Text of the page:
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Microsoft Shares Tumble As Outlook Dims

By Eric Auchard

NEW YORK (Reuters) - Microsoft Corp. (NasdaqNM:MSFT - news) shares fell 16 percent on Monday as several Wall Street analysts downgraded the stock and sources said U.S. authorities would call for the company to be broken in two.

The swoon in Microsoft shares also followed disappointing fiscal third-quarter results, released late on Thursday ahead of the long Easter holiday weekend, and guidance from the company to expect lower growth for the next year.

Microsoft shares were off 12 15/16 at 66 on the Nasdaq stock market. U.S. markets were closed on Friday for the Good Friday holiday.

Sources close to the government's antitrust suit against Microsoft said federal regulators favored splitting up the company along product lines, making it spin off its Office software business from its Windows operating system business. Office is a suite of word-processing, spreadsheet and presentation software running on the Windows software system.

Several Wall Street analysts cut their earnings and revenue estimates for Microsoft after the company's chief financial officer guided investors to expect revenue growth of around 15 percent, down from prior forecasts above 20 percent.

``There is an increasing risk that Microsoft might atrophy on the PC (personal computer) platform as IBM did on the mainframe platform, while robust growth shifts to hand-held and wireless devices,'' Goldman Sachs analyst Rick Sherlund said in a research note to clients. He was referring to the technology shift a decade ago that cost IBM its one-time dominance.

Sherlund, considered Wall Street's most influential analyst on the Redmond, Wash.-based software giant, cut his rating on Microsoft shares to ``market outperform'' from ``buy.'' Sherlund helped take the company public in 1987 and his comments on its financial outlook have tremendous sway among investors.

Microsoft Dominates A Maturing, Slower-Growing Pc Market

Microsoft makes the Windows software operating system found on about 80 percent of PCs. Analysts are concerned that the company may be poorly positioned for the next wave of growth from new types of Internet devices such as mobile phones, hand-held computers and interactive televisions.

``It is our view that the corporate market is maturing at a much faster pace than the consumer market, with negative implications for Microsoft's revenue growth,'' Sherlund wrote.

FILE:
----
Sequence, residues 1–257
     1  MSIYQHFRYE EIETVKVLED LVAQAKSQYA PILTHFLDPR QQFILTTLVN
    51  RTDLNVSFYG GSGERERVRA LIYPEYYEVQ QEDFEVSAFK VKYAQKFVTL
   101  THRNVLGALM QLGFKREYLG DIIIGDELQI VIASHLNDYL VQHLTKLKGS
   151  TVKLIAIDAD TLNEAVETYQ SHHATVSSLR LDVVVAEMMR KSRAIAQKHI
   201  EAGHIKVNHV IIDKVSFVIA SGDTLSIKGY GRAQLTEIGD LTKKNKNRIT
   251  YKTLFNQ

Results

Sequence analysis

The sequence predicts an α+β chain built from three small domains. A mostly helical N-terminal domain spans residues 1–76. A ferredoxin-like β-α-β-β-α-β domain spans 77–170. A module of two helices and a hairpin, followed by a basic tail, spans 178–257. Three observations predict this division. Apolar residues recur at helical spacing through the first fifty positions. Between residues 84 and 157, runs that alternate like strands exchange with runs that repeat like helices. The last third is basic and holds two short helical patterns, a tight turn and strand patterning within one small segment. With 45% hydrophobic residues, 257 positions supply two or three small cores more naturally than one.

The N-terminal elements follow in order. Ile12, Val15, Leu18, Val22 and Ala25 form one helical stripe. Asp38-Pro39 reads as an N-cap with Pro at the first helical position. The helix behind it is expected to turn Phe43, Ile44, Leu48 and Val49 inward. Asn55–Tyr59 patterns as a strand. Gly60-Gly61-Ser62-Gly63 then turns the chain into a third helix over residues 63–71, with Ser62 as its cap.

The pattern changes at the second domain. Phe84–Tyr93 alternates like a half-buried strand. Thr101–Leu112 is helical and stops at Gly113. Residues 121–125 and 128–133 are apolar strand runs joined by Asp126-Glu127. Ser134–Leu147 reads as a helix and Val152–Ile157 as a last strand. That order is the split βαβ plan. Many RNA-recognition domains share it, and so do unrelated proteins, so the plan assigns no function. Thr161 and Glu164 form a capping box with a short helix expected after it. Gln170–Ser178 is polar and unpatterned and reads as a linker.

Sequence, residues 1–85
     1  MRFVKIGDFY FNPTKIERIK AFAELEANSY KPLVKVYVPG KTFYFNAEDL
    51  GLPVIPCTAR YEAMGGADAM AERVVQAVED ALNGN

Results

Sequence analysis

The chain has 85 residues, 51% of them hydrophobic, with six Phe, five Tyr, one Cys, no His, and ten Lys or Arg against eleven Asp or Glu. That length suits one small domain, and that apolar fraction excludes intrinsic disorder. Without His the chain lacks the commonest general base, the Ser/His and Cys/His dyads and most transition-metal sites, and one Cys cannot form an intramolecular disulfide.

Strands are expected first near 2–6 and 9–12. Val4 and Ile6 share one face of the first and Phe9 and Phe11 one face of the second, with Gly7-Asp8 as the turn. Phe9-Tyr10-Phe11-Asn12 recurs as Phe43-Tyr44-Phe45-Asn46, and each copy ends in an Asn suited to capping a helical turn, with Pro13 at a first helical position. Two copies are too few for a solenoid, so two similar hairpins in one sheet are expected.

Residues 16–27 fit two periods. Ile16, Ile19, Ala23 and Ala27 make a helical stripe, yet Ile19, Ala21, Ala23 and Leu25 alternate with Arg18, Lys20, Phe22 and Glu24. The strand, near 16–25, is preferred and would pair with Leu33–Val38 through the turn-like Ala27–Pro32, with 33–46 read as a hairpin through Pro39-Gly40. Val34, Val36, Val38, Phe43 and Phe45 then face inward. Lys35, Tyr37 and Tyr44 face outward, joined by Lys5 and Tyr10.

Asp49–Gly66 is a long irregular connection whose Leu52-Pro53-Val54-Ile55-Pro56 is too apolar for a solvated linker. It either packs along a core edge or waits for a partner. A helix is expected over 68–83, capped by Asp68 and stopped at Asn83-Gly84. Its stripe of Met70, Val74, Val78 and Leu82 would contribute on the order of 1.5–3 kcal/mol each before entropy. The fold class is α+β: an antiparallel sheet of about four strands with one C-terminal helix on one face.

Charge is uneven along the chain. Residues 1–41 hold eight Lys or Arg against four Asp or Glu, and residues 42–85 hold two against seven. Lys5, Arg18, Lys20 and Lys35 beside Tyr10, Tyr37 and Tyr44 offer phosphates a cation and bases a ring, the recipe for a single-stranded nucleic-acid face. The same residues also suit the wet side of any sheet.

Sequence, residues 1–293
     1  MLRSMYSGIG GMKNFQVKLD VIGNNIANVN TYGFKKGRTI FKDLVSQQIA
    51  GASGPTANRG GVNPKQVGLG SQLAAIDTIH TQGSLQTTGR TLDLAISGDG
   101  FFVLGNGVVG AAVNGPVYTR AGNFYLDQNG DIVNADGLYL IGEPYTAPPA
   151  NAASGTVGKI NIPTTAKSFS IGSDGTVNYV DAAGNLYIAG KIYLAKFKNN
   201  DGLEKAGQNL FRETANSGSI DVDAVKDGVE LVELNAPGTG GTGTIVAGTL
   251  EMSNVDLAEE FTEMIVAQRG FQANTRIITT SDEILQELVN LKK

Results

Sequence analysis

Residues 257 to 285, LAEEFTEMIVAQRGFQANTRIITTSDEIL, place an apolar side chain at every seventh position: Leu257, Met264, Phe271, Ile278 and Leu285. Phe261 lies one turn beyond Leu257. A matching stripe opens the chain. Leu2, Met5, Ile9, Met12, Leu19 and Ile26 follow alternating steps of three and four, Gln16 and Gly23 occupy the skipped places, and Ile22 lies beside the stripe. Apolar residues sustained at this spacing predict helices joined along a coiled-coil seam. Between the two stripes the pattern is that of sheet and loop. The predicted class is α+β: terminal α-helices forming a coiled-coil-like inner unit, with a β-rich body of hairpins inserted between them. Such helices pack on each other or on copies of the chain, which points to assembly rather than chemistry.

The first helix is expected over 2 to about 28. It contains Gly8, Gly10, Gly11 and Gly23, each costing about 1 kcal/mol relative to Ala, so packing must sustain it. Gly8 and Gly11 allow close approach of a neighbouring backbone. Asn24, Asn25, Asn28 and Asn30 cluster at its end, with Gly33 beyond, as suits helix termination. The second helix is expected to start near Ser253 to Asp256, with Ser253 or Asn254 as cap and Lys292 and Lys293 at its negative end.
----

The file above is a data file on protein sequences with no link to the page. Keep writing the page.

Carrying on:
Still, many analysts say Microsoft has a long history of giving conservative guidance on its financial outlook during quarterly reports. These analysts advised investors not to be overly pessimistic on the world's top software company.

For example, ING Barings analyst George Godfrey said, ''Guidance for fiscal 2001 is more cautious than necessary and (we) remain very optimistic on the next 12 months for Microsoft and believe we are reaching absolute bottom in the company's share price, if not there already.''

In a note entitled ``Microsoft hits a wall for the first time,'' SG Cowen analyst Drew Brosseau cut his earnings outlook for the company's fiscal years ending in June 2000 and 2001.

``Maturation in core PC business looks to offset positive momentum from Windows 2000 product cycle,'' he said, referring to Microsoft's next-generation software platform.

``We've cut our revenue and earnings projections to reflect more modest growth assumptions of 15-20 percent over the next couple of years,'' Brosseau said, echoing guidance by Microsoft executives during a conference call with analysts on Thursday.

Quarterly Results Buoyed By Non-Operating Gains

Microsoft said its net profits for the third quarter, ended in March, rose to $2.39 billion, or 43 cents per share, from $1.91 billion, or 35 cents a share, a year earlier.

Revenues rose 23 percent to $5.7 billion.

The earnings surpassed Wall Street estimates by 2 cents per share but included 5 cents of non-operating investment gains, according to Brosseau.

Microsoft's share price has fallen nearly 50 percent since late December and is off 42 percent from just a month ago amid concerns over sluggish PC market growth, the company's legal troubles and a technology market downturn.

The drop has wiped out the so-called ``settlement premium'' that buoyed the stock between October and March, when investors viewed the possible break-up of Microsoft as a favorable outcome to the antitrust suit that would unlock the value of its separate businesses, driving its combined value higher.

Sherlund said a share price between $65 and $70 would appropriately reflect a valuation of 36 to 39 times estimated calendar year earnings of $1.78 per share and a revenue growth rate of 15 percent instead of 20 percent

 

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